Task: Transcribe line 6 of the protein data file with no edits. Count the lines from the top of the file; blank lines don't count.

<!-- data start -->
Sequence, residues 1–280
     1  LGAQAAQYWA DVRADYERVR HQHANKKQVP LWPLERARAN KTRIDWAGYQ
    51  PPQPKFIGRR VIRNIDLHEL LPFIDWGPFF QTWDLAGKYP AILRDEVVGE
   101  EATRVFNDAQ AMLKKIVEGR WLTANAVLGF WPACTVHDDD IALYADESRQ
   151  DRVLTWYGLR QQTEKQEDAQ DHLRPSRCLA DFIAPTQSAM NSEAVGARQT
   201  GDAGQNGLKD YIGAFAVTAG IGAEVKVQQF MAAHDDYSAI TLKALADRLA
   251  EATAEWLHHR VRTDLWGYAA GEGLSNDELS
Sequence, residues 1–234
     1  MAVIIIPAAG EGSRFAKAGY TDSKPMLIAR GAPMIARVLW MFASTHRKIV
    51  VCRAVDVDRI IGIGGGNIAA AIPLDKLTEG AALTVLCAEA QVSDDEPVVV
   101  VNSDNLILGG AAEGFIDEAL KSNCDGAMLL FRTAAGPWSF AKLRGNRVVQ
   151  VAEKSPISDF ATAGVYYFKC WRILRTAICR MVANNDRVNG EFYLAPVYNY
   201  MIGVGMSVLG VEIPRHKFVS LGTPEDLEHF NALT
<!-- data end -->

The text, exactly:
   201  GDAGQNGLKD YIGAFAVTAG IGAEVKVQQF MAAHDDYSAI TLKALADRLA